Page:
The Magazine of University of Florida’s School of Building Construction recently published an article written by David Salazar. The article is a primer on the difficulties a contractor faces when dealing with change order work. Additionally, the article sets forth the inevitable problems a contractor encounters and provides some risk management tips that can help the contractor manage these problems.
A. The Traditional Setting
1. The Relationship
In this setting, there is no contract between the general contractor and architect but rather only contracts between the owner/general contractor and owner/architect. This creates a triangular relationship that often leads to tension. This is because the construction process seldom unfolds as anticipated. Things change – especially in construction – and this is the subject of our article.
2. The Standard Contract
The American Institute of Architects (“AIA”), among many other things, sells construction contract forms which all the various trades utilize. Because of their popularity, we use AIA forms as our examples in this article.
3. The Work Begins
With a complete design, and with bidding finalized, contractors are chosen and the work begins. Thereafter, the need for numerous changes almost certainly arises. Why? The reasons are endless. Examples include design conflict, change of owner preference, out of sequence construction, and problematic physical condition(s). After generating questions to the designers, the various trades then submit proposed changes to the construction administrator.
4. Change Work
Change work is typically done by way of a written modification to the contract; most often as a change order. The AIA’s general conditions define “Modifications” as (1) a written amendment to the contract signed by both parties, (2) a change order, (3) a construction change directive or (4) a written order for a minor change in the work issued by the Architect. Per the AIA, a change order shall be based upon agreement between the developer, contractor, and architect. The AIA requires the architect to prepare the change order and the developer to sign it, indicating an agreement as to (1) change in the work, (2) the amount of the adjustment, if any, in the contract sum and (3) the extent of the adjustment, if any, in the contract time. An unsigned change order may mean the general contractor does not get paid.
Perhaps most important to any developer is the project’s schedule and change in the work tends to affect that schedule. This is why construction contracts typically provide for liquidated damages, which are damages to which parties contractually stipulate as a reasonable estimation of actual damages to be recovered by one party if the other party breaches.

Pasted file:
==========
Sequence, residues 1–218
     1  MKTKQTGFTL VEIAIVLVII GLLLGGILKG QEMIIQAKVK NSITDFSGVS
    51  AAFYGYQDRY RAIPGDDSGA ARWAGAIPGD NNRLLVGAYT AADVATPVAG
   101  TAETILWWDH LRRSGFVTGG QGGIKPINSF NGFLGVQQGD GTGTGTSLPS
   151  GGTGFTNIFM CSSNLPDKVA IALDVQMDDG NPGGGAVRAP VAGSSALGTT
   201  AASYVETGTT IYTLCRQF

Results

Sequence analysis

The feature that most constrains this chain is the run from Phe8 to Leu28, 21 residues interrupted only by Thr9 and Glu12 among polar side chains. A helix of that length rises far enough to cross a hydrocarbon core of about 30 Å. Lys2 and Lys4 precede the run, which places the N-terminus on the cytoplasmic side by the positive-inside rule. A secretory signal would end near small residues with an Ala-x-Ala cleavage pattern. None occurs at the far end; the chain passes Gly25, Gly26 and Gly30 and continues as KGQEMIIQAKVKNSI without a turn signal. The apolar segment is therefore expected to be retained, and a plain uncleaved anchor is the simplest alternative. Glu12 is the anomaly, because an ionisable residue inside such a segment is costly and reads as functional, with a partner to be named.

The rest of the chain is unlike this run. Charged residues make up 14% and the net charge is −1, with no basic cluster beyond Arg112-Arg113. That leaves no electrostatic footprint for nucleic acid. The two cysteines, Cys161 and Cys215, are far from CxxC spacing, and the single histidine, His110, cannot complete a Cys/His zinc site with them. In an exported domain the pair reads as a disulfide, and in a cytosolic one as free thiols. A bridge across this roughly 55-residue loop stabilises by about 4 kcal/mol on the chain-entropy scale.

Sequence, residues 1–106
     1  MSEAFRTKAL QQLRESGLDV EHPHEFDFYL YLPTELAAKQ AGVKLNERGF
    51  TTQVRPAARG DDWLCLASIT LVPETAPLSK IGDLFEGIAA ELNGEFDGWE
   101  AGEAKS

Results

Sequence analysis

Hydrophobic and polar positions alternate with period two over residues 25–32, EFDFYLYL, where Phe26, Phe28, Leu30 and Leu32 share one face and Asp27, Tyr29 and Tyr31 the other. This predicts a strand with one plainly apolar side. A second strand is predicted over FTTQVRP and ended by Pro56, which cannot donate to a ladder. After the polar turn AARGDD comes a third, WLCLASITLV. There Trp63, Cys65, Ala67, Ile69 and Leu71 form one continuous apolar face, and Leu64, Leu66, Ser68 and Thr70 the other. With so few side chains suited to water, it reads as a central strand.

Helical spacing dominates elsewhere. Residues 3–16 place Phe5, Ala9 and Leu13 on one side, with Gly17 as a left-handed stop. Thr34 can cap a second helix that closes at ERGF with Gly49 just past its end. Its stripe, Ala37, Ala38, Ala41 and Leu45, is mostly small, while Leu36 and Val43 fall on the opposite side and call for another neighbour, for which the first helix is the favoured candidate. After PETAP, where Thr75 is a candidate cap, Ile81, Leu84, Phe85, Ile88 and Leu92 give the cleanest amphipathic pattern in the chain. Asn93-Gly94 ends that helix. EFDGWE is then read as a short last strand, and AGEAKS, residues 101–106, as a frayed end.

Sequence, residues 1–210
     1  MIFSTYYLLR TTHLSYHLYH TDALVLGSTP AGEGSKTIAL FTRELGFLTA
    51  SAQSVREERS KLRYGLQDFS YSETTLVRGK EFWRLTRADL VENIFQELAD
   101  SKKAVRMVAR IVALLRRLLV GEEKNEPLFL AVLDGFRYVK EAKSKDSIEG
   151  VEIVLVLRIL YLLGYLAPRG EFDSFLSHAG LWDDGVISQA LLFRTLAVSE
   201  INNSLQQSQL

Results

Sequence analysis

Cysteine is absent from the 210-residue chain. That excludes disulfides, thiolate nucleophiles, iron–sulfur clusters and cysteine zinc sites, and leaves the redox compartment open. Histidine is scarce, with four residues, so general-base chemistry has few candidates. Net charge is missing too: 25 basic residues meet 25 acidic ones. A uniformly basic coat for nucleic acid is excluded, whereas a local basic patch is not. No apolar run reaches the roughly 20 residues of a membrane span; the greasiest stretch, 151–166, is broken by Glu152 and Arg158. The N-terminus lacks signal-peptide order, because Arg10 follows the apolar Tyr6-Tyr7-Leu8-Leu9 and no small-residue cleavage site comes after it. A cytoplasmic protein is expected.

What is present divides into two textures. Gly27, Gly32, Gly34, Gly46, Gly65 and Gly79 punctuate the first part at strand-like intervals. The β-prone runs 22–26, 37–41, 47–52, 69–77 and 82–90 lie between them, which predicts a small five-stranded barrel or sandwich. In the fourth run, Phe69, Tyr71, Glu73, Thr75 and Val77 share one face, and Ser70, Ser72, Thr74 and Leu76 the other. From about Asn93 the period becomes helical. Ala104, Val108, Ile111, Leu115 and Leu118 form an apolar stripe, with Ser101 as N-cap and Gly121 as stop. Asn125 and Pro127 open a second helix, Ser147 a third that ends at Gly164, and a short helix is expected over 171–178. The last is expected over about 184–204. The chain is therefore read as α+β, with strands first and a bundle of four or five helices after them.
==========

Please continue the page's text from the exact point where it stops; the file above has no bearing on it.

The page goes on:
B. The Conundrum in Contracting
1. Changes Tend to Disagree with the Schedule
Given the importance of the schedule and the potential for damages, should a contractor stop the work to get the change order signed? In other words, does the contractor proceed with the work, or should it wait for the signed change order?
2. Risk Management
While there are no simple answers to these questions, there are protections the contractor can put in place to better manage this dilemma, which include:
So the contractor has sent its letter memorializing why the change order is necessary and detailing its efforts to get it signed without delaying the work. But what should be done in the meantime? If the contractor proceeds, it may not get paid for that work. If it doesn’t proceed, it may be in breach of its contract and face a lawsuit for construction delays. The practical approach is to (1) submit the detailed proposed change order, (2) enclose within the submission the documents showing the changes (e.g., the architect’s revisions), and (3) and specify that the project will be delayed, through no fault of the contractor, until the change order is signed.
Consult a construction lawyer. The manner in which a contractor may protect itself will vary with virtually every project. A qualified construction lawyer should be able to assist with a thoughtful and deliberate approach to a contract that preliminarily addresses most of the contractor’s change work concerns.
Although problematic, there are measures that can be put in place, preferably early in the process, that can make the change work process more manageable. That said, construction contracts will always be a minefield ripe for conflict. So, document your file and try to avoid performing work on an unsigned change order.